Find your feet as a first home buyer
Since the halving of the First Home Buyers’ grant ‘boost’ in October 2009 and its subsequent complete removal in January 2010, first home buyers have been a diminishing proportion of the Australian housing market. .
At the time of this post GFC stimulus, where first home buyers received a $14,000 handout for buying an established home or $21,000 for buy a new home, first home buyers peaked at just over 31% of all owner occupier housing finance commitments. Participation from first time buyers in the housing market virtually fell off a cliff once the boost was removed, with first home buyer mortgage commitments reducing to just 16% of the market within a year of the boost being removed.
The latest figures from the Australian Bureau of Statistics (ABS) show that first home buyers have continued to play a smaller role in the housing market with the February data showing first time home buyers represented only 14.7% of owner occupier housing finance commitments; the lowest level since June 2004.
The ABS figures are published across the states and territories and show some wide regional variations. In New South Wales, first home buyers are the lowest proportion of the market at just 12% based on housing finance commitments over the past 12 months. This is the lowest proportion on record in New South Wales, but comes as no surprise considering Sydney home values have increased by 76% since the beginning of 2009.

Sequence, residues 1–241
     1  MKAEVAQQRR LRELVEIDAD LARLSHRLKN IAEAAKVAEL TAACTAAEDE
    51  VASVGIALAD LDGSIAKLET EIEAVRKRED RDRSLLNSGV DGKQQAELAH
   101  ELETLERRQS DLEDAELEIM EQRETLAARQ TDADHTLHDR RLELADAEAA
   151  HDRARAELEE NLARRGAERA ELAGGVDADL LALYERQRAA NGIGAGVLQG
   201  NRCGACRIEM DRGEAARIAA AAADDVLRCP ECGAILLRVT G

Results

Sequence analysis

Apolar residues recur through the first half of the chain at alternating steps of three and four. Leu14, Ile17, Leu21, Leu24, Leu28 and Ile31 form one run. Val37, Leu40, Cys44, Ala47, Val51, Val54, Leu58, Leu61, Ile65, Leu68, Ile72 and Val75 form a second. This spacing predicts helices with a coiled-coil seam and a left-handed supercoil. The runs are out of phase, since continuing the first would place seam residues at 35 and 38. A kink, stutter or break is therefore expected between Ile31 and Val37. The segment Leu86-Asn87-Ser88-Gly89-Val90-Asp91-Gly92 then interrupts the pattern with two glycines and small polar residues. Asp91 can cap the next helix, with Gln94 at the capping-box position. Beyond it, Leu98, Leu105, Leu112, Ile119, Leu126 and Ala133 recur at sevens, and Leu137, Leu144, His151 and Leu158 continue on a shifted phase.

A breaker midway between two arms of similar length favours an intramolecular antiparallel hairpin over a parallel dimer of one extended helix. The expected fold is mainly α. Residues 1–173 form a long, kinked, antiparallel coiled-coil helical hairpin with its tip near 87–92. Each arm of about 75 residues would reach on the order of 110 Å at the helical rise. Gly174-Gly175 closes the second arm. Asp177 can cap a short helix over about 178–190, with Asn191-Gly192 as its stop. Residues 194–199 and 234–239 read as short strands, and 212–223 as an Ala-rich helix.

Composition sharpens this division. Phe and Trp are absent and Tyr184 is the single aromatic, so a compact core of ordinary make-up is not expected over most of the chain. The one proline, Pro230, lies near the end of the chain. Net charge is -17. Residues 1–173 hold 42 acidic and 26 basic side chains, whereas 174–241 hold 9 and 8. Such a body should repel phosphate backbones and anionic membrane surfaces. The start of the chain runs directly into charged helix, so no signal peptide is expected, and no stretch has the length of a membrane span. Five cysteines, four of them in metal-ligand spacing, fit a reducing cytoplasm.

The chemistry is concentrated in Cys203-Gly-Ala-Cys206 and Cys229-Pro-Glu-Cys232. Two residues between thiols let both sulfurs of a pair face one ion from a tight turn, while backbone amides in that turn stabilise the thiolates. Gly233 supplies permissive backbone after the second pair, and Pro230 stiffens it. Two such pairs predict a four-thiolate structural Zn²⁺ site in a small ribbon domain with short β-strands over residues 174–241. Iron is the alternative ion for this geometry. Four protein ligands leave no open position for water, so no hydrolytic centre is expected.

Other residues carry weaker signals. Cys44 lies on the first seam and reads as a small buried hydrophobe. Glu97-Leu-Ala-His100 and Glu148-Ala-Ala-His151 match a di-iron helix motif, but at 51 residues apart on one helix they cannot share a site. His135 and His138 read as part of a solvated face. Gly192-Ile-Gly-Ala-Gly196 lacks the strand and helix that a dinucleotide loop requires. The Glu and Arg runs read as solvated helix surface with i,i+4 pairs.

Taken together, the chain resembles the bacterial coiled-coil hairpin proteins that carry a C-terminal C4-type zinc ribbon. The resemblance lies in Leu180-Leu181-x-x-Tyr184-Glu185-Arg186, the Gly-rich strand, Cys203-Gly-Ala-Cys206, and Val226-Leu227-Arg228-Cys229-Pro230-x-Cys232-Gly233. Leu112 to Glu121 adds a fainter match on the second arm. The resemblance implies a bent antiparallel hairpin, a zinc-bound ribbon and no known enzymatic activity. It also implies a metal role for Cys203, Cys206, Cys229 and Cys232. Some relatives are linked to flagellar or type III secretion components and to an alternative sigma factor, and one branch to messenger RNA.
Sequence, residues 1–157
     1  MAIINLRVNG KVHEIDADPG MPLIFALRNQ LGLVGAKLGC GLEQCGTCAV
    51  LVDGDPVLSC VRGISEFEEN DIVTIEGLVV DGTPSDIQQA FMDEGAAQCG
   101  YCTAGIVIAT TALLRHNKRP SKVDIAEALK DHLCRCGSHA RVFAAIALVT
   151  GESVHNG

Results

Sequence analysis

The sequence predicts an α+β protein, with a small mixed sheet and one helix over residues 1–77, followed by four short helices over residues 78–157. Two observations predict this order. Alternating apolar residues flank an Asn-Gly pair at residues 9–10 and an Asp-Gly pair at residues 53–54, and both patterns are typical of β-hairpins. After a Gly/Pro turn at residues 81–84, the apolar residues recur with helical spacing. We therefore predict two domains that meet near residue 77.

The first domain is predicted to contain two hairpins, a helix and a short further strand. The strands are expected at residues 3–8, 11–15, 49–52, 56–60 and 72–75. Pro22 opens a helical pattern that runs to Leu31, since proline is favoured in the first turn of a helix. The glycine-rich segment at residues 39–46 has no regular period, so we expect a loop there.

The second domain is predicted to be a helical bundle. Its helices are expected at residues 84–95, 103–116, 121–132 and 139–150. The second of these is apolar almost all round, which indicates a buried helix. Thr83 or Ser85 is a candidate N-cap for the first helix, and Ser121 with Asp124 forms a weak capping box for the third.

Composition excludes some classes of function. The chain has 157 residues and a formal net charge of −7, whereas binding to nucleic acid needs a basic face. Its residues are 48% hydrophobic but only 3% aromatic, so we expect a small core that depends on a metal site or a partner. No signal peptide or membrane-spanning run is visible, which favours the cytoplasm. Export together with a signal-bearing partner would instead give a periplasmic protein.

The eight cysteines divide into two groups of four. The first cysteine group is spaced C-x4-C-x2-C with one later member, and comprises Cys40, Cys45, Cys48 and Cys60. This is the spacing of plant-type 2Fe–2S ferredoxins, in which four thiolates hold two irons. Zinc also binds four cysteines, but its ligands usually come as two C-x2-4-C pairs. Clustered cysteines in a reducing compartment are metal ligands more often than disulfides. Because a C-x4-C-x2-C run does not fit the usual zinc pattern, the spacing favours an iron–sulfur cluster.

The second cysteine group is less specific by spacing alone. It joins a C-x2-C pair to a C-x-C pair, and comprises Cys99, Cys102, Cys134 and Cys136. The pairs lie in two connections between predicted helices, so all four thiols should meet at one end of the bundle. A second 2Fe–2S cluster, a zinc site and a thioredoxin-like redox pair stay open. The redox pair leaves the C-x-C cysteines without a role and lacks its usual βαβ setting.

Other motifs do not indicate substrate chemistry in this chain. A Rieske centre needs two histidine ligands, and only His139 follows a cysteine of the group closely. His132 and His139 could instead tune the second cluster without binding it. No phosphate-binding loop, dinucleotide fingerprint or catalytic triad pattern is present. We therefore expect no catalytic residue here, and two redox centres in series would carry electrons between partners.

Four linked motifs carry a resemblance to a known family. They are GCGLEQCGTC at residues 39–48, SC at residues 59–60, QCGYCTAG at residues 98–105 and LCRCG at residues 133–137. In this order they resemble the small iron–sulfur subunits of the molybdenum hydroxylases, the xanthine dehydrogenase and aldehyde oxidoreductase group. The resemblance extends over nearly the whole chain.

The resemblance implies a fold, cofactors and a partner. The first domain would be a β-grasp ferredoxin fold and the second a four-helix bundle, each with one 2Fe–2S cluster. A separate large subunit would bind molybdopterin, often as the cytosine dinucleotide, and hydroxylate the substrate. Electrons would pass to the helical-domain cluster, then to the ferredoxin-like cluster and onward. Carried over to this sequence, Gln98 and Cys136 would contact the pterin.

At the other end of the spectrum is Western Australia where first home buyers represent 21.9% of the owner occupier market. In fact, Western Australia is the only state where the proportion of first home buyers is higher than the state decade average (20.7%). Home values across Perth have reduced by 4.6% since peaking in December 2014. It seems that first home buyers are taking advantage of the improved buying conditions and better affordability in this market. Not to mention record high levels of new housing supply over recent years.
The most significant barrier to first home buyers is likely to be affordability. Home prices have appreciated faster than incomes, particularly in Sydney and Melbourne, which makes it harder for first home buyers to raise a deposit. Add to that the fact that lenders are generally seeking a 20% deposit on new mortgages and the difficulty for first home buyers becomes more apparent.
Another factor acting as a barrier to first home buyer participation in the housing market is that rents remain relatively sluggish. Capital city rental rates were down 0.2% over the twelve months to March 2016, the first negative movement in the CoreLogic rental series since the measure began in 1996. With declining rents and affordability pressures, first home buyers are likely to remain on the sidelines for the foreseeable future.
What the ABS figures don’t show is investment activity from first home buyers. Anecdotal evidence suggests more first home buyers are choosing to invest in the housing market as their first purchase while continuing to rent in areas where they prefer to live but can’t afford to buy. In my mind, this is a legitimate strategy whereby younger cohorts of the market can get their foot on the housing market ladder without sacrificing their desire to live close to where they work and play.